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Wine Restaurant Guide - Red Wine and White Wine Manufacturing Procedure.

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Wine Restaurant Guide - Red Wine and White Wine Manufacturing Procedure.

Subject: What is Wine ? Basic Wine guide for people who are planning to join the restaurant industry.

Wine is an alcoholic beverage made by fermenting grapes. Yeast consumes grapes’ sugar and changes it into carbon dioxide, ethanol and heat. Various types of yeast strains and grapes produce different types of wine. The variations are a result of the complicated interactions between the reactions in the fermentation process, the grape’s biochemical development, the growing environment of the grape, and the qualities of wine. Some wines are not made from grapes and have fermented additional fruits like cherry, plum, pomegranate and elderberry

In this blog, we will discuss two types of wine:

Red Wine - Wine made from dark-colored grapes is called red wine. The wine’s initial color can be deep violet for young wines or brick red for mature wines. For older red wines, the actual color of the wine is brown. Greenish-white is the hue of the juice for most of the purple grapes. The red shade comes from anthocyanin pigments present in the grape’s skin. The comparatively uncommon teinturier varieties produce a red-colored juice, which is an exception. Hence, most of the production process of red wine is about flavor and color extraction from the skin of the grape.  

White Wine - Wine that is fermented without skin contact is white wine. Made from yellow or green colored grapes, the hue can be yellow-green or yellow-gold. It is created when the non-colored grape pulp undergoes alcoholic fermentation. These wines come in varied types that are caused by the procedure of winemaking. Some white wine is also created from grapes displaying colored skin. However, the wort obtained is not stained. 

Manufacturing Red Wine

Growing and Ripening
Grapes are produced in a grapevine after the third year. Irrespective of the age of the wine, grapes solely grow on one-year-old stalks. This is why viticulturists prune the vineyards back every year to grow new vine. Wine grapes are harvested when they ripen completely as unlike other fruits, grapes do not ripen after they are picked.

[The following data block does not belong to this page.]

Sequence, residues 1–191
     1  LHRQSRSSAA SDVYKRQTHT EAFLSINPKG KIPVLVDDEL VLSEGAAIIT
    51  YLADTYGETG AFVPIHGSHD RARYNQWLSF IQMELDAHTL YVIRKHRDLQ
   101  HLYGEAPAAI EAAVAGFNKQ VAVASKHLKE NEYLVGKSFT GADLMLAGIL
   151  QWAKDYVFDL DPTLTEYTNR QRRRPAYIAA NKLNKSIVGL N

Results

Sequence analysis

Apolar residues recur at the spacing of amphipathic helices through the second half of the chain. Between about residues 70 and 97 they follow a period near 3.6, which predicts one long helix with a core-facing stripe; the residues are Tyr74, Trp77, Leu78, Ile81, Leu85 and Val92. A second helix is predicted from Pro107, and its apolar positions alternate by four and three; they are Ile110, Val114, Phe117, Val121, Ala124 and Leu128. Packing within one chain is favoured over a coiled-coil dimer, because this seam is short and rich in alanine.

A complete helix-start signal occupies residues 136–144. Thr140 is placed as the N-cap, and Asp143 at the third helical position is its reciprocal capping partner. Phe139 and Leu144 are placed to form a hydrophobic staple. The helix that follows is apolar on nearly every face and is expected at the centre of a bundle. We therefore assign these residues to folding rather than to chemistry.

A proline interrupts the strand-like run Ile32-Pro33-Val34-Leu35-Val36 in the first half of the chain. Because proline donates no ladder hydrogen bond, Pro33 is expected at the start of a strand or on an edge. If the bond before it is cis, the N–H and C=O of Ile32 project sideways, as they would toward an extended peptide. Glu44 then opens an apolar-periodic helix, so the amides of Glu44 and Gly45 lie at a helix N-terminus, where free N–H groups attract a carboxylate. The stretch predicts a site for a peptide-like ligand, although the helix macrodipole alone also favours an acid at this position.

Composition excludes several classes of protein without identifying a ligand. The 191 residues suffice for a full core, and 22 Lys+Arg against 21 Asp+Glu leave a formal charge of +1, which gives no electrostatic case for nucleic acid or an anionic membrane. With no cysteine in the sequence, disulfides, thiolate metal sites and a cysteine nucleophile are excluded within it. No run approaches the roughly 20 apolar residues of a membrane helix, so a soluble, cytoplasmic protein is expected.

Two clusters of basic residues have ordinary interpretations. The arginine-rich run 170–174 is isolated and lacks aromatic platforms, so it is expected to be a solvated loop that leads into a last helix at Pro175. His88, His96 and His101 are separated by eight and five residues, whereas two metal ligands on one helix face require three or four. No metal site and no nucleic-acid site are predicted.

Crushing
Destemming grapes of red wine decrease tannin, which has a harsh taste. Also, sorting table conveyor belts are used by certain wineries for removing bad grapes or leaves. Here, you must know that some varieties of red wine ferment well with the entire cluster. 

During fermentation, grapes are put into a tank for fermentation with their seeds, skins and everything. At times, the crushed grapes undergo a chilling process known as “cold soaking”. This transfers the hue and flavor present in the skin to the juice. It is the skin of the grapes that give red wines their intense hue. 

Fermenting into Wine
When a yeast culture consumes the grape sugar and makes alcohol, the fermentation process begins. Yeast variants are many. While certain wineries buy commercial yeast or inject the juice with special house yeast, others allow the yeast to happen naturally. The latter method is called native or indigenous fermentation. 

Typically, red wines need warmer temperatures to ferment compared to their whiter counterparts. Additionally, red wines usually ferment until almost all the sugar is consumed. This makes red wines not sweet or ‘dry’. 

Fining and Racking
Post fermentation, the wine is quite cloudy from the grape bits and yeast lees. Hence, winemakers allow their wines to rest for some time in tanks or barrels and add a clarifying agent, such as bentonite, which is a type of clay. This is the fining process after which the wine is rendered clear. As all the protein gets deposited in the tank’s bottom, the clear wine is racked into a fresh barrel or tank. In some wineries, the makers do not perform fining and wait until the wine gets settled on its own.

Aging and Bottling
Red wine ages from 4 weeks to 4 years or maybe longer before it is bottled. When red wine is aged in barrels, they get rich flavors of baking spice and vanilla from the oak. Aging in barrels softens the tannins and the color also becomes darker. 

Before bottling, wines are often filtered for the final time. Filtering gets rid of any microorganisms that make wine bad. Again, you have to keep in mind that not all wineries do this as filtering gets rid of the taste component in wine. Well-made, unfiltered wines have the potential to age for a long time. 

Hence, if you purchase wines that are unfiltered, make sure to decant them. 

Manufacturing White Wine

Crushing Grapes and Collecting Juice
At first, the grapes are pressed, and the sweet juice is gathered in vats to be fermented into wine.

Fermenting Juice into Wine
Usually, white wines ferment cooler than red wines. This is to conserve the primary flavors of the wine. At this time, the 2 parts sugar gets fermented into 1 part alcohol. Thus, in case you begin with 2 Brix of sugar, you will get a 1% ABV wine. The higher the level of sugar in the juice, the greater will be the alcohol content. 

Oaking and MLF
Through oaking, white wine gets the flavor of vanilla and sweet spices. MLF adds creamy features to white wine. These two processes take time and cost the winery extra money. That is why oaked wines are more costly.  

Filtering and Bottling
White wines are often filtered prior to bottling. Red wines are more stable than white wines and winemakers may need to add more sulfites to white wines. 
Wine Guide

Author: (Nalin Jain and Abhi Chauhan - The Restaurant Academy Professor)
Date: 11/11/2020

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